How does one learn how to write in the flash-novella form?
The obvious answer is to read novellas-in-flash and let what works for you sink into your brain files. The oft-cited “My Very End of the Universe: Five Novellas-in-Flash and a Study of the Form” (Rose Metal Press, 2014), is a great resource. It includes works and essays on the novella-in-flash form by you and other authors and it helped me, not so much in the writing of my novella as in the editing process, which is an important part of any story preparation. The added value in this book was the essay written by each author about the process of writing flash fiction. Rather than make me feel that I was learning a certain form, these pieces left me feeling that it was alright for me to try to tell a story in a certain way. The main question that the book answered was not How do you write a novella-in-flash? but, Can your unique way of telling this story hold together and make sense to a reader? Surely, what I write does not always work. So, going back to authors whose work resonates with me as a reader and writer helped me to go back to my stories with fresh eyes.
Where does one begin when writing the story/chapters for a novella in flash?
For me, most stories begin with a detail of some sort that ultimately gives birth to a story, whether that story is 100 words or 200-thousand words. Something I see, or smell, or hear, or maybe an item in the news, will connect with ongoing currents of thought about life, and the initial cell of an idea cleaves into a story. So far, I’ve only published a novella and short fiction but what I’m saying applies, also, to the novel-length work which I’m developing. I think that writers need to give themselves permission to begin in the place that is most appropriate for the individual author.
Is there anything unusual that you might wish to share about the process of birthing How to Make a Window Snake?
My novella “How to Make a Window Snake” (which you chose as winner of the 2017 Bath Novella-in-Flash Award), leaned naturally towards the novella-in-flash format because I kept writing these short-short stories about the same two adult daughters and their aging father and a secret at the centre of the family. I didn’t sit down and say, Today, I’m going to write about two daughters and their father who’s seriously ill and a family secret and I’m going to do so in nineteen stand-alone pieces of flash fiction. I just wrote little stories and they kept coming back to the same people until I realized that I was, indeed, writing a longer story and the family’s difficult history began to reveal itself more fully. I knew, early on, that one of the daughters would find a note in the house that shed light on dramatic events from the family’s past but I didn’t know exactly what it would say or who had written it. I discovered that through the writing process. Then a mundane thought in my own daily life gave me the idea for another key detail in the story, which eventually led to the title. Finally, the competition’s requirement for stand-alone flash fiction pieces guided the editing of my pieces. I would ask myself, Can this individual tale still make sense without the other stories in the novella? What is the event or revelation in this short piece which makes it a fully-formed story, with a beginning, middle and end, and not just a scene from a story? Ultimately, I used the repetition of key images or phrases to help hold the story together.
Are you saying that the story should come first, and the form later?
Not necessarily. In my case, this is mostly true but other writers have had great success by thinking first about form. Look at poetry. It is proof that form can be part of the genesis of a story. You could approach the novella-in-flash form by looking at individual short-short stories that you’ve already written then asking oneself whether there is a novella-in-flash somewhere in there. Joanna Campbell and Ingrid Jendrzejewski, who wrote the other winning novellas-in-flash in the book “How to Make a Window Snake,” both developed their projects in this way. They saw the common threads running through existing stories then went on to write other material to pull their novellas together.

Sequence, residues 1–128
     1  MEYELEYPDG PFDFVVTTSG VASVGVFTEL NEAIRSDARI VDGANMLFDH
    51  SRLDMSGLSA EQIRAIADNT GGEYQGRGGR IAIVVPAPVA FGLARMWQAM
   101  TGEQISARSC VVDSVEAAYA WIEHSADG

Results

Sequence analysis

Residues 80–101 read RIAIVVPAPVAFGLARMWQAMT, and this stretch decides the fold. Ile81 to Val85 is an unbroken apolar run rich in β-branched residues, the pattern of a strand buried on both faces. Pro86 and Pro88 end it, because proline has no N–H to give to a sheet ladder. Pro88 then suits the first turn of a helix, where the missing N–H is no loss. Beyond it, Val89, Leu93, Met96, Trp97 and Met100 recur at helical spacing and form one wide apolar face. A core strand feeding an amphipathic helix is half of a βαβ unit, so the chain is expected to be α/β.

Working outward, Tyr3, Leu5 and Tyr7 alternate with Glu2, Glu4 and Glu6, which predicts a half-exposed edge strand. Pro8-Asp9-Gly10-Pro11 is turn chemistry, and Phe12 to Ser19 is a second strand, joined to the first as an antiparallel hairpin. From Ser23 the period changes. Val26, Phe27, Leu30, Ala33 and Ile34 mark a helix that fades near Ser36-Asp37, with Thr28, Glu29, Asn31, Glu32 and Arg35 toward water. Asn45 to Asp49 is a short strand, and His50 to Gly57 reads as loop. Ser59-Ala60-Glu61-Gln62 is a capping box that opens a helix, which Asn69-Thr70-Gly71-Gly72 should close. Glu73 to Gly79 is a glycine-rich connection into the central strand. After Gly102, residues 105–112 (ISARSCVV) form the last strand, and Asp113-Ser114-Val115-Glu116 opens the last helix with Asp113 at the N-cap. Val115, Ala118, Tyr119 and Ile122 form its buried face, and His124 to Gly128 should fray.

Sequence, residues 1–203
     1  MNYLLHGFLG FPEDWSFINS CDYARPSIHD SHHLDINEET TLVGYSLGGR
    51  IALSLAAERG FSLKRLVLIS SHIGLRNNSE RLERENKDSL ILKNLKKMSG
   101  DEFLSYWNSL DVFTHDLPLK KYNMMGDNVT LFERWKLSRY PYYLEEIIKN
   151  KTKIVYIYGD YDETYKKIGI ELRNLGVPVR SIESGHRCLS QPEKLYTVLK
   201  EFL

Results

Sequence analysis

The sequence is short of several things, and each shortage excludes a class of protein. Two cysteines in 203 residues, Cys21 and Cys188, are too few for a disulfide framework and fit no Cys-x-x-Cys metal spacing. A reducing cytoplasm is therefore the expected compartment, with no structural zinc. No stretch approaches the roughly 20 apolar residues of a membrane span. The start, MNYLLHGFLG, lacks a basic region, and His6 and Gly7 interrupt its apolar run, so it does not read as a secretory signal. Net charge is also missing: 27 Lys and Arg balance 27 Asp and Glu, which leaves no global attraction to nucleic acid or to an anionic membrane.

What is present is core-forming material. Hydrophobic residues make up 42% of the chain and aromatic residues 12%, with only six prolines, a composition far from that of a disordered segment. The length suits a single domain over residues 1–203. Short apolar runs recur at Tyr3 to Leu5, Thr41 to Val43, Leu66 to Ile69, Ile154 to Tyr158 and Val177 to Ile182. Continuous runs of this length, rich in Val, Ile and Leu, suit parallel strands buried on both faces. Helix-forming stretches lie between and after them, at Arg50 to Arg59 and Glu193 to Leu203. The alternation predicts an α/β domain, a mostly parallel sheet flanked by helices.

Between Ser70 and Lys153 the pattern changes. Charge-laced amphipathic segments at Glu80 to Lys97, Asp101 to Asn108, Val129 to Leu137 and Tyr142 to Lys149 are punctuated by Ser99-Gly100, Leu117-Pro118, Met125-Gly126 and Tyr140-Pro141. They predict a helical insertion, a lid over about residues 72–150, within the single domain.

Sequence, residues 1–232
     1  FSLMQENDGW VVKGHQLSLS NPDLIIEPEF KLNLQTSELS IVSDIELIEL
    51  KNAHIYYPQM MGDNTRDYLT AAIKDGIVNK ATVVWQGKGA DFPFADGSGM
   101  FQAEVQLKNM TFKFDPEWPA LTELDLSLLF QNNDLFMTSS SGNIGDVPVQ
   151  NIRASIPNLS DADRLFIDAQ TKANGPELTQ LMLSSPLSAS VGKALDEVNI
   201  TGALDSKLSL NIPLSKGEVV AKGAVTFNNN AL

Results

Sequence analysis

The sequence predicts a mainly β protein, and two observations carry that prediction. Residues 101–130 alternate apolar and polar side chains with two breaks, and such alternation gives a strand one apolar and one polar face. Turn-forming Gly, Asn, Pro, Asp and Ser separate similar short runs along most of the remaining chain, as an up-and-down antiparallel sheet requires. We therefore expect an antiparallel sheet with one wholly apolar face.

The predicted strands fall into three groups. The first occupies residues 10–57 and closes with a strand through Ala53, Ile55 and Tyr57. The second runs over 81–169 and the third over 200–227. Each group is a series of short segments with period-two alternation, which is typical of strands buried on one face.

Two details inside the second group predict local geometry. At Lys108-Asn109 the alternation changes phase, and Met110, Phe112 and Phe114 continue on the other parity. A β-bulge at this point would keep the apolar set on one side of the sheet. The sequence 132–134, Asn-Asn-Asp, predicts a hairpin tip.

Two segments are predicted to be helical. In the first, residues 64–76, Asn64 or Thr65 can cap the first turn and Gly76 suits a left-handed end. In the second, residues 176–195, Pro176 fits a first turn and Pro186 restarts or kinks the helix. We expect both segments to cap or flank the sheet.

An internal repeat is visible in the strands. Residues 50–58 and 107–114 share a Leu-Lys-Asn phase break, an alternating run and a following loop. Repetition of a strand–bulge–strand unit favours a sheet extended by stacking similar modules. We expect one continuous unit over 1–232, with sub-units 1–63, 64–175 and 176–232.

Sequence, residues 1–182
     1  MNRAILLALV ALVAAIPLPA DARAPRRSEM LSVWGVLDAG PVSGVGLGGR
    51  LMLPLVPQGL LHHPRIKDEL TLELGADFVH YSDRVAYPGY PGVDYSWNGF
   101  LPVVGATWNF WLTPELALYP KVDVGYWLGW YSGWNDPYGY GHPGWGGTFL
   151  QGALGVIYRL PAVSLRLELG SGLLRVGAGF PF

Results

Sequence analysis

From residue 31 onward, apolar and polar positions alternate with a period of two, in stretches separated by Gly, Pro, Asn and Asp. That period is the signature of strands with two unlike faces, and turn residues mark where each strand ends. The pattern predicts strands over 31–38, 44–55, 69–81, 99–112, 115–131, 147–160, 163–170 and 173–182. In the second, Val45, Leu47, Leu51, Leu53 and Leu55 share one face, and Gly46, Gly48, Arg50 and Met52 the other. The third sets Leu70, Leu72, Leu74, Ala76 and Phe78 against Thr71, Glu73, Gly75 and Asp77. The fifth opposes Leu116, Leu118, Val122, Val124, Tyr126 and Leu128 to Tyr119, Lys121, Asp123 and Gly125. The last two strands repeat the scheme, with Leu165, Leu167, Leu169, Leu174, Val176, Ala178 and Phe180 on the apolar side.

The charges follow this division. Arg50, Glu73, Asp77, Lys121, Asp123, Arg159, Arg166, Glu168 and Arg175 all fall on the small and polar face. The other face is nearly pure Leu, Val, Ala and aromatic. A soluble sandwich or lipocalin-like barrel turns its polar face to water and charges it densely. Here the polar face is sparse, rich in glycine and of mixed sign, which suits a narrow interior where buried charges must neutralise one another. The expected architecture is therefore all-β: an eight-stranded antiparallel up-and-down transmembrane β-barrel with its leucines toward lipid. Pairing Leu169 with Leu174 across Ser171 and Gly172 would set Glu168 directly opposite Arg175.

You’ve published some very short flash fiction, closer to 100 words. Is it a matter of editing them/whittling them down to compress them? Or are they born that way?
Again, my stories tend to tell me what they need to be. They may need to be cut down but not much. Even a little micro fiction that was published this year in 100-Word Story (“Row”) naturally grew to that general length, after which I snipped a word or two to meet the required word count. I didn’t take a five-hundred-word story and try to chop it into shape. Other writers can do that and with impressive results, but I tend to end up with a finished length that’s fairly close to where it began. The funny thing is that, all my professional life, first as a broadcaster, then producer of other forms of communication, I have written to meet specific subject and length requirements. But not in literature. I just write. It took me a long time to unblock the thought processes and language that I needed to access in order to express certain things, so I try not to tell myself what I should or shouldn’t produce. I’ve only published fiction with any frequency since 2017 and it’s an evolutionary process. What I have noticed is that some of my really short stories do mimic the fairly straightforward, declarative style of a news report but then take more intimate or emotional turns.
Here’s a recent example: Italy, where I currently live, was struggling to come up with a new prime minister after a particularly fractured election result. This absence of new government gave me an idea for a story but the resulting narrative, “Holes” (Bending Genres magazine, June 2018), isn’t really about any particular election or country. It centers around a fictitious character and a universal condition, which is the buying and selling of human relationships.
How much does the reader matter when you write a story?
Storytelling is a form of communication so, of course, I would like to share my stories with readers, I want other people to read them and hear them and relate to them, in some way. But a story is intrinsically linked to how I, as a person, experience and process the world around me. I start on the path towards a story and hope that it will take me towards the reader.
How well do you know your characters before you start writing about them?
I tend to see and hear characters but know little about them and discover them along the way, just as we get to know new people in our lives. Sometimes, we think we like them and then we grow to dislike them, and isn’t that interesting? I am fascinated by that kind of character and that kind of story, which calls to mind the shift in perception that changes how we feel about someone or something. I am working on a novel right now about an entire life built on half-stories and what happens when the larger story comes to the fore.